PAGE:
- Associated Press - Sunday, October 16, 2011

ZANESVILLE, Ohio — Shuttered businesses and boarded-up houses dot the streets of historic Zanesville, the struggling river city where Cory May is starting a life with his young wife.

Until recently, job prospects in his native eastern Ohio were grim even for a hard-working Marine reservist willing to work hard or relocate. Mr. May’s mother works as a school custodian in Cambridge, his nearby hometown. His machinist dad is among the county’s 11 percent unemployed. Most of his better-situated friends are in the military or work at one of the area’s remaining factories.

“It’s either that or working minimum wage for the rest of your life, and let’s be honest, who really wants to do that?” said Mr. May, a sturdy 23-year-old who did a tour each in Iraq and Afghanistan.

The natural gas industry has changed his prospects.

Vast stores of natural gas in the Marcellus and Utica shales running under Ohio, Pennsylvania, New York and West Virginia have set off a rush to grab leases and secure permits to drill using the extraction technique called hydraulic fracturing, or fracking.

Mr. May snapped up the opportunity through his local community college, Zane State, to take a two-week, 80-hour shale exploration certification course developed by the private company Retrain America. When he graduated, he has interviewed for three jobs and taken a position cementing wells for Halliburton that will pay $60,000 to $70,000 a year.

Zane State is among dozens of public colleges and universities across the northeastern shale states that are moving to add staff, academic majors or job-training courses in fields related to natural gas.

Through a three-year, $4.9 million grant from the U.S. Department of Labor, for example, five community colleges in Ohio, Pennsylvania, West Virginia and New York formed a coalition called ShaleNET. It is focused on recruiting, training and placing people in high-priority natural gas occupations.

“There’s really been a sea change in these opportunities, a cornucopia of community colleges and local workforce training programs across the commonwealth of Pennsylvania, West Virginia, Ohio, even the southern tier of New York,” said Travis Windle, a spokesman for the Marcellus Shale Coalition, representing energy and exploration companies. “As natural gas continues to expand, so do the needs for a local workforce with these skills that are going to be in need for the next 50 years, or even more.”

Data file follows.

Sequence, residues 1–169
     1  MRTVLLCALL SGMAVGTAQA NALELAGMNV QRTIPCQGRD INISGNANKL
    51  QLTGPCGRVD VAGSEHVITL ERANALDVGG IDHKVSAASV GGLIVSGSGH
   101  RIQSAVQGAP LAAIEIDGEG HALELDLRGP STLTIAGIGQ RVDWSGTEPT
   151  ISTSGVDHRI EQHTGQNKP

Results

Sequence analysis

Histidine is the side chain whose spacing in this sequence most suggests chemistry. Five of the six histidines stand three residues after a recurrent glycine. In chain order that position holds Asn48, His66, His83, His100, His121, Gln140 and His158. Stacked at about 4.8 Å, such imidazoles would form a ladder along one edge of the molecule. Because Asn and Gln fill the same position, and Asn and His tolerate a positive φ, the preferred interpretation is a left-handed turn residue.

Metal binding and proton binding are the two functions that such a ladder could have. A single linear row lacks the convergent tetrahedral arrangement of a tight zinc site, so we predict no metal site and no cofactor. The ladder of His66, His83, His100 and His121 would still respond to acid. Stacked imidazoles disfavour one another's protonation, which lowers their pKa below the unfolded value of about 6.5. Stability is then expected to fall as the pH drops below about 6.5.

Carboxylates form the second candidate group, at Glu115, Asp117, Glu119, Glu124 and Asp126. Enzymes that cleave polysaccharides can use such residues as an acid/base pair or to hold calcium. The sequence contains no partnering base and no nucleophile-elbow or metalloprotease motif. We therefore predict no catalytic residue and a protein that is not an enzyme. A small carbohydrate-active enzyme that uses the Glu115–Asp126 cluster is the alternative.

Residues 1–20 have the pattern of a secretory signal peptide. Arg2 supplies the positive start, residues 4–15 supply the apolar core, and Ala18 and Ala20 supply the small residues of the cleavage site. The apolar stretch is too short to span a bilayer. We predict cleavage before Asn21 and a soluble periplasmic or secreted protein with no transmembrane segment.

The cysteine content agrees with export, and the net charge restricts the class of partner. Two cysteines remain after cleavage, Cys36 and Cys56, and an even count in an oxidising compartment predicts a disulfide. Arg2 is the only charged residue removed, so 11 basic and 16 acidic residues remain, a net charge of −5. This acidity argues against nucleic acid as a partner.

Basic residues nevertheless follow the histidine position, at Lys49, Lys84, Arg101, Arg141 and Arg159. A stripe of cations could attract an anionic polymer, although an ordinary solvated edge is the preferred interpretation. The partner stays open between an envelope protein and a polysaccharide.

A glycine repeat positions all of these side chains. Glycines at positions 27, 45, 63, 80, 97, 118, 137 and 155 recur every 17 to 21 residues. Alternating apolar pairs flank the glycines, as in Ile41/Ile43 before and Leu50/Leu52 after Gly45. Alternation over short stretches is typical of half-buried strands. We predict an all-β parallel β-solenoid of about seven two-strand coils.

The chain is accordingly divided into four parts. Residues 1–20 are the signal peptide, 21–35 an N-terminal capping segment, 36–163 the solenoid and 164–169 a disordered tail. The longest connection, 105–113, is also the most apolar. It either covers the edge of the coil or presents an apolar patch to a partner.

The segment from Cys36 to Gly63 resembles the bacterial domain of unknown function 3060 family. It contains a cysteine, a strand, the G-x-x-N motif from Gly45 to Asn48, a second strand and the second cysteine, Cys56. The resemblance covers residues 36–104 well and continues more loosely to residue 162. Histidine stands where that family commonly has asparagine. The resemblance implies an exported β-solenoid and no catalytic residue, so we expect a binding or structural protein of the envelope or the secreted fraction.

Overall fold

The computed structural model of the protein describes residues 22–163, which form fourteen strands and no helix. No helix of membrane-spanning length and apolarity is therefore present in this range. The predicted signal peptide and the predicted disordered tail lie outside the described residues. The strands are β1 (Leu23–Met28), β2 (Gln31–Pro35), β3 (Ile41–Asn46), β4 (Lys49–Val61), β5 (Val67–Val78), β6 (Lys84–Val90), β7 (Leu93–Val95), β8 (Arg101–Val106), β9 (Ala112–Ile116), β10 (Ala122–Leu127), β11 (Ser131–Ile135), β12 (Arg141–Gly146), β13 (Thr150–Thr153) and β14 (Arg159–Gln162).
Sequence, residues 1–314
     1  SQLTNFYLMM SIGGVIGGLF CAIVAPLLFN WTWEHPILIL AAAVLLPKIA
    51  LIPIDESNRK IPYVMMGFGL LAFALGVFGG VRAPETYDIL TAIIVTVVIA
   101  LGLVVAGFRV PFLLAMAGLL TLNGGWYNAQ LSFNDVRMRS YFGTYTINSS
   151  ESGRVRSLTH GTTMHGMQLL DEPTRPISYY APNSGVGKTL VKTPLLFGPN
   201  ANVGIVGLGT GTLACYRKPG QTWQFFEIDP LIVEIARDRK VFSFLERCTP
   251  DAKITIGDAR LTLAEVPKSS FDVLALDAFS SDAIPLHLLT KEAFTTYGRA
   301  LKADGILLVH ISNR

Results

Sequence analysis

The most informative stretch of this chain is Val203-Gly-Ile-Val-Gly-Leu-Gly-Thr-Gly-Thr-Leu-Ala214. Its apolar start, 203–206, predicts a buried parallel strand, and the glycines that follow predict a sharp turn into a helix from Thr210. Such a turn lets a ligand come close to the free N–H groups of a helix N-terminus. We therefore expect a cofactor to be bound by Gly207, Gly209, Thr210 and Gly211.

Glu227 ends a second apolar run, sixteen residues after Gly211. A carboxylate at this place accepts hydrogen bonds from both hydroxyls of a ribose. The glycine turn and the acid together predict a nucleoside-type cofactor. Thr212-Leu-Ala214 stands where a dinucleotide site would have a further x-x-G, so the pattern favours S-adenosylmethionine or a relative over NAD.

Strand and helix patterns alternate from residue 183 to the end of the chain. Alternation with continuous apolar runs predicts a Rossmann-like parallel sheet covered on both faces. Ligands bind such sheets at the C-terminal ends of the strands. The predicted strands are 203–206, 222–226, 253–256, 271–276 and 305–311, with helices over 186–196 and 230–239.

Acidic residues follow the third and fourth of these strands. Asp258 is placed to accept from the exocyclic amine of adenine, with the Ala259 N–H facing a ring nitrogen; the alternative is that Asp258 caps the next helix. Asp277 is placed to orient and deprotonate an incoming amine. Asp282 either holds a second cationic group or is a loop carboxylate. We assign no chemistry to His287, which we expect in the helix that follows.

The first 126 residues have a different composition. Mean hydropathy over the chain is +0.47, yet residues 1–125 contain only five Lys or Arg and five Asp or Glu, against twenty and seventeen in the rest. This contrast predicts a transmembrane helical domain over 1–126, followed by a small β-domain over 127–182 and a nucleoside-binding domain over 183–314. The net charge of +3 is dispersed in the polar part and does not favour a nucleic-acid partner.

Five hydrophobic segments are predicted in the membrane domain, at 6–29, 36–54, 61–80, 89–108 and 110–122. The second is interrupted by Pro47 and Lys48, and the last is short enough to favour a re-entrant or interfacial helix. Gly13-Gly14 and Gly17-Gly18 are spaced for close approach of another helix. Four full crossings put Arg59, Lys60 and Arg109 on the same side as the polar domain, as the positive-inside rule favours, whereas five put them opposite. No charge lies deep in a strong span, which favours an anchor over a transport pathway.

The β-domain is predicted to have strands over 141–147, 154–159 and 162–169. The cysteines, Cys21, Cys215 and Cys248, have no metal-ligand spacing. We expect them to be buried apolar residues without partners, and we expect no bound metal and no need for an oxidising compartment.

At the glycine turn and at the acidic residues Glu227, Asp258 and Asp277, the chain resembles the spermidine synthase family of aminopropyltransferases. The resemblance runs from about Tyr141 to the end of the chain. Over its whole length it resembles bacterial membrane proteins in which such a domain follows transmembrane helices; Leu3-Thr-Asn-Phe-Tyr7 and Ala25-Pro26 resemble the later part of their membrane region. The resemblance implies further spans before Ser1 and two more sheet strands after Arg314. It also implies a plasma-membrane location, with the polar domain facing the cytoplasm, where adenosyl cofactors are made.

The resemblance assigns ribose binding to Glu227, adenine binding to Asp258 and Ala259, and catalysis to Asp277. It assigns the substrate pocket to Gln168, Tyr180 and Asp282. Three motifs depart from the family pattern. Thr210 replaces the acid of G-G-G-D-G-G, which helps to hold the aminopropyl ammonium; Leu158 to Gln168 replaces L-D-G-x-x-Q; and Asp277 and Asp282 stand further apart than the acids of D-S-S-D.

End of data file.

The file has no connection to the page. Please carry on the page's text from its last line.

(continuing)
Training shale workers is not only on the minds of energy interests in the Northeast; newly available resources in Colorado, Oklahoma, Wyoming and Texas also have been met with new educational offerings. Those include the Colorado Energy Research Institute’s outreach efforts with a dozen community and technical colleges, and the professional land management certificate program started just last month by the University of Texas at Austin. The field’s promised job growth is being documented.

However, Chuck Wyrostock, outreach organizer for the Sierra Club of West Virginia’s natural gas campaign, said the economic benefits of the shale boom could be short-lived.

“There is some danger in young people getting trained in the area, when maybe five or 10 years from now other factors will keep them from taking advantage of it any further,” he said. He said jobs in alternative energy may overtake the shale gas as America is weaned off fossil fuels.

The Penn State study anticipated that shale-related jobs would be available for 30 to 50 years, but that many workers would have to migrate over time, following the drilling rigs as they move from place to place. Many of the early jobs in Pennsylvania have been landed by out-of-state professionals, especially from energy-rich Texas, and that has concerned labor groups.

For now, Mr. May is basking in the boom times. He’s still floored that he got the opportunity right at home to catch such a wave.

“It blew my mind, really. I was like what? It’s coming here?” Mr. May said. “It’s kind of unheard of, really.”

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